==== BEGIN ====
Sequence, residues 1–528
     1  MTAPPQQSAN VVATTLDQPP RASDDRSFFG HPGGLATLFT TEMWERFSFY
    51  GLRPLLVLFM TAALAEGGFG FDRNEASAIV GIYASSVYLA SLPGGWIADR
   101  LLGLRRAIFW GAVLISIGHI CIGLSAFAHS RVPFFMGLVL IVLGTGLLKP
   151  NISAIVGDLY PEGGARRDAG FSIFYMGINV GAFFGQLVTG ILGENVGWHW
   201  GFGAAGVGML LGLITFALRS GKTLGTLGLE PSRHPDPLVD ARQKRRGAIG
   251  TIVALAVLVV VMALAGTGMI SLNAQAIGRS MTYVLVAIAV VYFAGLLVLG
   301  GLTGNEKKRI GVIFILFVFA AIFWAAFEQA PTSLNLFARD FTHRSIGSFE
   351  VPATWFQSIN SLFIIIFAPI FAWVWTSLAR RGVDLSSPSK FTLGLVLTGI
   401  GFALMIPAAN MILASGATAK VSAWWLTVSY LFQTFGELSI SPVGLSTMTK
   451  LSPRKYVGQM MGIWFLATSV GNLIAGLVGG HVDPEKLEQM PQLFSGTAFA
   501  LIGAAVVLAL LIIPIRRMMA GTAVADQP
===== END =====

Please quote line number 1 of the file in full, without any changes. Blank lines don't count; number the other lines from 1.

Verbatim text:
Sequence, residues 1–528